Boost for construction as 1,500 school rebuilding schemes given the go-ahead as part of Primary Capital programme

Over a thousand English primary schools will be rebuilt following the government's approval of building plans worth £3.55bn.

Ed Balls, secretary of state for children, schools and families, confirmed that more than 1,500 rebuilding and refurbishment projects will begin now that 133 UK local authorities have been given the go-ahead.

A further 15 local authorities will receive advice on how to bring their plans up to speed within three months, to allow funding to be released.

Ed Balls
Balls: "this huge capital investment will help to support jobs in the construction industry"

The government will release £1.75bn of funding to local authorities for the Primary Capital programme, with local authorities investing a further £1.8bn.

The Primary Capital programme is investing £7bn to rebuild or refurbish half of all primary schools and primary-age special schools by 2022/23.

Balls said that the projects will be helpful to the construction industry “at this challenging time for our economy”.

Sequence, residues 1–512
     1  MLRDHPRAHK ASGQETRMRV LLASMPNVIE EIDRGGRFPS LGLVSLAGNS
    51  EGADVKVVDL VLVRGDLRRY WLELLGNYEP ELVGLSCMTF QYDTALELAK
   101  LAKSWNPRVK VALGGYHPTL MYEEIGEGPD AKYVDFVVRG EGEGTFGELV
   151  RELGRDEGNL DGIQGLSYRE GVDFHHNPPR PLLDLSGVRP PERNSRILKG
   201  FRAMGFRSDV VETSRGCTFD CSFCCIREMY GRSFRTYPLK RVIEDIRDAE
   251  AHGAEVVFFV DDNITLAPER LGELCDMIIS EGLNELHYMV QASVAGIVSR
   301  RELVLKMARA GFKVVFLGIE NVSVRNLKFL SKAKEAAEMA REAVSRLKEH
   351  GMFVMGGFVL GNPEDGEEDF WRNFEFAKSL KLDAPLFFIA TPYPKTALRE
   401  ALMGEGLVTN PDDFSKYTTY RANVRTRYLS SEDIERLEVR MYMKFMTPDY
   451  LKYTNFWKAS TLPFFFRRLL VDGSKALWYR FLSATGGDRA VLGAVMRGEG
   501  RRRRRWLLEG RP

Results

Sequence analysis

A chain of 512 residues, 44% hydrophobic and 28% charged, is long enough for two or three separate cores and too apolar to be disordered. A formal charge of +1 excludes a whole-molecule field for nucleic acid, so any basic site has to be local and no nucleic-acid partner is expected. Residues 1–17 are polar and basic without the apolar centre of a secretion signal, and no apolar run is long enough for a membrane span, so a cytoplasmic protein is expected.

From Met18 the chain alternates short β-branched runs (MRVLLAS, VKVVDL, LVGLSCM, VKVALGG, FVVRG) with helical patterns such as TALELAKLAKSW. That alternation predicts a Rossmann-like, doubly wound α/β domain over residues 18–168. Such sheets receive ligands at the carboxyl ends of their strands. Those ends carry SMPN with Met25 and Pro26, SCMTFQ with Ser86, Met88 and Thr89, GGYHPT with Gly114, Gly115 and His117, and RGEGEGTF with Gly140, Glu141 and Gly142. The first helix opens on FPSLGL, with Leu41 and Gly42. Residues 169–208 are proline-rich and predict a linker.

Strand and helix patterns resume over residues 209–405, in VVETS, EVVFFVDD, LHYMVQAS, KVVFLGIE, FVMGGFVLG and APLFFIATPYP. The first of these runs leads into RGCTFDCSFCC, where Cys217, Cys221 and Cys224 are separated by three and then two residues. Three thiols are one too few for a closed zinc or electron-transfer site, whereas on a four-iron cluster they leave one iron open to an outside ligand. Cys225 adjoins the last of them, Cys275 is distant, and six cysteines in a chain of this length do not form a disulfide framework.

He said: “This huge capital investment will not only improve the education of our children, but help to support jobs in the construction industry and local businesses who will be crucial to fitting out the new and refurbished schools.

“This is a once-in-a-generation chance to transform primary education in every part of the country - to sweep away buildings now reaching the end of their shelf life and drive up the quality of our schools. Schools are now being revolutionised by the biggest, sustained capital investment for 50 years.”

Ian Fordham, deputy chief executive of the British Council for School Environments, said the announcement is a “cause for celebration” but warned that care should be taken in how the money is spent.

“The key now is to ensure this money is well spent in a commonsense way,” he said. “It must complement other, broader educational agendas such as the Children's Plan, and the general health and wellbeing of young people, to ensure a long-term legacy for our children and our communities.”